Single-mother professionals have to balance work and family just like any parent. But unlike married women -- who can sometimes choose whether or not to punch in at the office after having a child -- single moms usually don't have an alternative short of going on government aid. In 1999, some 49% of married mothers worked full-time, according to Joan Williams, professor of law at American University and author of Unbending Gender: Why Family and Work Conflict and What to Do About It (Oxford University Press, 1999). By contrast, 71% of divorced moms, who make up two-thirds of all single mothers, held full-time positions. "There's a clash between two social ideals," Williams says. "The ideal worker, who has the life patterns of a man, and the ideal of family members caring for children. Married working mothers solve the clash by cutting back on their hours. Most single moms can't."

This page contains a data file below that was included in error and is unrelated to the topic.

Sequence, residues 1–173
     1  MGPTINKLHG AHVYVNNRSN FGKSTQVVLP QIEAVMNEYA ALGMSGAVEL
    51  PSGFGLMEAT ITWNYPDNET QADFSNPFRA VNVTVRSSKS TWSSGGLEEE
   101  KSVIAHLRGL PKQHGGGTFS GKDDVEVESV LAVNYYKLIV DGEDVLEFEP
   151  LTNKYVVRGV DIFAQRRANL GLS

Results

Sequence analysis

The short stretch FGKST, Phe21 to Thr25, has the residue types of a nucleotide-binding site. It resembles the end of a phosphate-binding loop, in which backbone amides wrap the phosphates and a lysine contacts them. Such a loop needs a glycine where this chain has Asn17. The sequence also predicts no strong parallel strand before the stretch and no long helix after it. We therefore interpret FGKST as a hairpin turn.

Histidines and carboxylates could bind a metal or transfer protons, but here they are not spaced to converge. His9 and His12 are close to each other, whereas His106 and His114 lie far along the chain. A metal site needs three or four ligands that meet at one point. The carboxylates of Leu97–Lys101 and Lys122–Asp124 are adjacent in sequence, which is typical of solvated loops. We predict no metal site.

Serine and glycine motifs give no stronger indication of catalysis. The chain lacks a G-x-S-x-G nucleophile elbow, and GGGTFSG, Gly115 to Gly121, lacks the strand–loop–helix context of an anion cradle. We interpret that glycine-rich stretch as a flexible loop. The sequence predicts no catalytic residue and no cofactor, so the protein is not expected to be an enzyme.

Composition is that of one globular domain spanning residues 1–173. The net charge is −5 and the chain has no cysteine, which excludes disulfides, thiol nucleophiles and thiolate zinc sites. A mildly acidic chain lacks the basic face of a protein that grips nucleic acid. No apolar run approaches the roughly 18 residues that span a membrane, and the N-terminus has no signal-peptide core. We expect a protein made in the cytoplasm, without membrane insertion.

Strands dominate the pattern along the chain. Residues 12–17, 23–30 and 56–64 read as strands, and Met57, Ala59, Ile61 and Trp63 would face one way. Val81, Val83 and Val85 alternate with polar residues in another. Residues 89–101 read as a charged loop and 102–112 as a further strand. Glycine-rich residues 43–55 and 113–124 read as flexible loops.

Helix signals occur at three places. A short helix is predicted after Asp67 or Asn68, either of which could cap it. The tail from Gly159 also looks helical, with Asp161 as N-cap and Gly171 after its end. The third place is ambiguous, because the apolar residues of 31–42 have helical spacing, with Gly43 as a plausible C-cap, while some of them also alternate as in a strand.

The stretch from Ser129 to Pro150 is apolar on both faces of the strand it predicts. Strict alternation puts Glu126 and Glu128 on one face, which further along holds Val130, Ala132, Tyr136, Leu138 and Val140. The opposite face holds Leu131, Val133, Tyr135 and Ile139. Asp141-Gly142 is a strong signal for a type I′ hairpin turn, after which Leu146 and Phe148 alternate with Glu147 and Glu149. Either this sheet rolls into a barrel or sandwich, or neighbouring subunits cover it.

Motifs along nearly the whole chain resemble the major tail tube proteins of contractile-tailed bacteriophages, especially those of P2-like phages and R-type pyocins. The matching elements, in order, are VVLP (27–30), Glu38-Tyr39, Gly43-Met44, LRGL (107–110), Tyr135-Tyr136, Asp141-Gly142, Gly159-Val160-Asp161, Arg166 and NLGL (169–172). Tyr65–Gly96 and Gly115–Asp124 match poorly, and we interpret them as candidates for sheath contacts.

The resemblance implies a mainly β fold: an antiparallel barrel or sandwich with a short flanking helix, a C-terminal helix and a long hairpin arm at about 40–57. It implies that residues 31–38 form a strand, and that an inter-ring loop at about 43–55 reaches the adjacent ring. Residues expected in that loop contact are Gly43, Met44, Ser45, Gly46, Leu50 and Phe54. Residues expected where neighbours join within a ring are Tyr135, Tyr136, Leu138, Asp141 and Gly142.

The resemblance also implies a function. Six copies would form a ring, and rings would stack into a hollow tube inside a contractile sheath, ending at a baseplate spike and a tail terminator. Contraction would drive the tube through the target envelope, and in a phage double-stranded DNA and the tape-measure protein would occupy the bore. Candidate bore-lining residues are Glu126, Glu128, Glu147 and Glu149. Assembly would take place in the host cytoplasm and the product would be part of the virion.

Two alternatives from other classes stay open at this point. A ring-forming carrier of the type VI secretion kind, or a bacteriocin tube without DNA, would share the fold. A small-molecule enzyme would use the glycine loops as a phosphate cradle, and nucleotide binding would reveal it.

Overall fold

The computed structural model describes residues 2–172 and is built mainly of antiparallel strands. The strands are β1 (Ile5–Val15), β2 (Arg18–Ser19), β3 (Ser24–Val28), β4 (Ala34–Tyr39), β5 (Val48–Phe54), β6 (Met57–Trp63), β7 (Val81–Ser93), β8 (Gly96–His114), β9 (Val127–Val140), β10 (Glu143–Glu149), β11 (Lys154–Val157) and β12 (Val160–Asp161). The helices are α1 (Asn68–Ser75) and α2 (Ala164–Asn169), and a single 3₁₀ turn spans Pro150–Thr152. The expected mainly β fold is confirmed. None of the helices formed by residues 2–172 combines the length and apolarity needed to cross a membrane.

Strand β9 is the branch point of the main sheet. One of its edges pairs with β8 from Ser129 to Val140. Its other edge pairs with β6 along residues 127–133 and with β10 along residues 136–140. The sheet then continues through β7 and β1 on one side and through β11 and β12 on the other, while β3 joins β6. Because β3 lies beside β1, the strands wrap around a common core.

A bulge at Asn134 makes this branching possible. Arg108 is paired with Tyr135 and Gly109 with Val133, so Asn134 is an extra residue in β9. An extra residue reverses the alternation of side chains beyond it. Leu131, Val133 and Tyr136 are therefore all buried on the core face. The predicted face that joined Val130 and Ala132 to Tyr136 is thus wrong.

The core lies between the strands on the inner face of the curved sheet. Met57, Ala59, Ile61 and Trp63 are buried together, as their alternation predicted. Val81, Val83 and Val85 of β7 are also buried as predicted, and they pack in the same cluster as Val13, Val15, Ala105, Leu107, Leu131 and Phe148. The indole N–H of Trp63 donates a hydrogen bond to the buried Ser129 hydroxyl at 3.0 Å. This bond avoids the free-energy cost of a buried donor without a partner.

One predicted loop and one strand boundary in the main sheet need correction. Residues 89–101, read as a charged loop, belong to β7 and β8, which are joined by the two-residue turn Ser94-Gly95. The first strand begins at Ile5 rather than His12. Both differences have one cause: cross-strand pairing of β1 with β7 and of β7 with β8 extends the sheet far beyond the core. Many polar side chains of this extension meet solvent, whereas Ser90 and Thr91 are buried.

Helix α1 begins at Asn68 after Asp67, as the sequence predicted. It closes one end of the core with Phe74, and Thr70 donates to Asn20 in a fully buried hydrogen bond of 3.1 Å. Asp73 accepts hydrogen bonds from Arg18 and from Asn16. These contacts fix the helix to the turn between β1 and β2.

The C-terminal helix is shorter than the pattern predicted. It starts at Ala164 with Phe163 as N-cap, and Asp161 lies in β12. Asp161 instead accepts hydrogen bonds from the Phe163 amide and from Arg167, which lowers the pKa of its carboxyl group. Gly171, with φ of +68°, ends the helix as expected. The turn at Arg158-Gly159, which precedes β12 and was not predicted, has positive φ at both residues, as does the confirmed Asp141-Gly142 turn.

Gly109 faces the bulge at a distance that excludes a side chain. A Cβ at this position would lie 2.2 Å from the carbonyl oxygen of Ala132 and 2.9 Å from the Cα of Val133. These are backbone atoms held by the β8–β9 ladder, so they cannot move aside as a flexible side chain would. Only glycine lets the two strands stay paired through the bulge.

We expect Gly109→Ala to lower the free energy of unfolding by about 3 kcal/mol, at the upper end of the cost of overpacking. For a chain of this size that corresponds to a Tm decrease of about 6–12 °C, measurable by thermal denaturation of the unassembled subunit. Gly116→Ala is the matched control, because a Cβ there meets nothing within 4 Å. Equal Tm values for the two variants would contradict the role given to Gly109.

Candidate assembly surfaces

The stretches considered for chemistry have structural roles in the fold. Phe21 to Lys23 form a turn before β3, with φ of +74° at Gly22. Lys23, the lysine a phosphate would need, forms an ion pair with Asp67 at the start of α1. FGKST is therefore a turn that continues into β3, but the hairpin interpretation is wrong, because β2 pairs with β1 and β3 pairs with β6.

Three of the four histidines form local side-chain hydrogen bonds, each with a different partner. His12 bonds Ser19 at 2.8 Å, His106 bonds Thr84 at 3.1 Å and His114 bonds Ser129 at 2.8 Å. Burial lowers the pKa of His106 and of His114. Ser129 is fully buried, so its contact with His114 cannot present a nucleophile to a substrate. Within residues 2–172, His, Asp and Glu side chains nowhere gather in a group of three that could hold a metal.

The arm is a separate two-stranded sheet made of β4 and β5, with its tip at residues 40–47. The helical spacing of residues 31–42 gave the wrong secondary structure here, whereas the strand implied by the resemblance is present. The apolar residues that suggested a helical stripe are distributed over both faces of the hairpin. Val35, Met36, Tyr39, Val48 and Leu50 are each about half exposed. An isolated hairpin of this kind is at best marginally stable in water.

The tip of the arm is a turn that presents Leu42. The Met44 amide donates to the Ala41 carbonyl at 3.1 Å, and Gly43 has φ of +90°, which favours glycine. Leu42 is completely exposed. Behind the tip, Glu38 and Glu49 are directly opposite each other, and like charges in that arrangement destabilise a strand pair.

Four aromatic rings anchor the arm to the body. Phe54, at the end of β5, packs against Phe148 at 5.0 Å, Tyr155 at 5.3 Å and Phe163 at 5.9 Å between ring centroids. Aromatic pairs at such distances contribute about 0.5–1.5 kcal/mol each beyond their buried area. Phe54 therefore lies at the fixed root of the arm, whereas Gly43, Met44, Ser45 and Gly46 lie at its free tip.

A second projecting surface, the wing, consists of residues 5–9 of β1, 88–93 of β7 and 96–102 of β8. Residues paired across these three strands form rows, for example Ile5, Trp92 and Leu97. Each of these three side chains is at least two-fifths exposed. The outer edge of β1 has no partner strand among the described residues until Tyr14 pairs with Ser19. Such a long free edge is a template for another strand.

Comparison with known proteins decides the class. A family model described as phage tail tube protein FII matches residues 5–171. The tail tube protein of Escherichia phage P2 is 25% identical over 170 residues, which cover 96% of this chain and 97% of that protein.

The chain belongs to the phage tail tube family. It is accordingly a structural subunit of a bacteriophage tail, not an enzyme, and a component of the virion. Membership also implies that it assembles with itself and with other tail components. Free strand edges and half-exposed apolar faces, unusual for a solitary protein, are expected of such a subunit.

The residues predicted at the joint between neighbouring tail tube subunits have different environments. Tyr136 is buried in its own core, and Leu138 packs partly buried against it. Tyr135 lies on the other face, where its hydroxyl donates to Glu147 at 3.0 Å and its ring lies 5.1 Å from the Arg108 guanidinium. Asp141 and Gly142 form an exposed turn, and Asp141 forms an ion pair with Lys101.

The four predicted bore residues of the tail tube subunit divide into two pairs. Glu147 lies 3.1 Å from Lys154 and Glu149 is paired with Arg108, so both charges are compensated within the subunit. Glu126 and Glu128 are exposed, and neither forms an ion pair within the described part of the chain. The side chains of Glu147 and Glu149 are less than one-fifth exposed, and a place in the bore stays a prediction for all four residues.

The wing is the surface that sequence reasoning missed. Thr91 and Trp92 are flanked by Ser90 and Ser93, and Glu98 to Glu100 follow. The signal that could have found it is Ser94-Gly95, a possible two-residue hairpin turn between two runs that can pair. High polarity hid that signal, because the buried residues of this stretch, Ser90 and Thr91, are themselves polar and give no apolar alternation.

Just ask Dr. Christina Zarowsky, senior scientific adviser for health at the International Development Research Center (IDRC), a nonprofit organization established by the Canadian government in Ottawa. Zarowsky, 40, holds a medical degree, a master's in public health from Harvard University, and a master's and soon-to-be-completed doctorate in anthropology from Montreal's McGill University. In 1996, while doing fieldwork in Africa, she adopted a Somali baby and returned to Canada as a single parent. Her work at IDRC requires extensive overseas travel, usually two to three weeks at a time, every other month. Zarowsky, who has been single all her life and says she can't afford a live-in nanny, still hasn't hatched a clear strategy for caring for her daughter, now 5, when she's called out of the country. Sometimes her mother baby-sits; sometimes her daughter tags along. "I keep hoping to travel less," she says.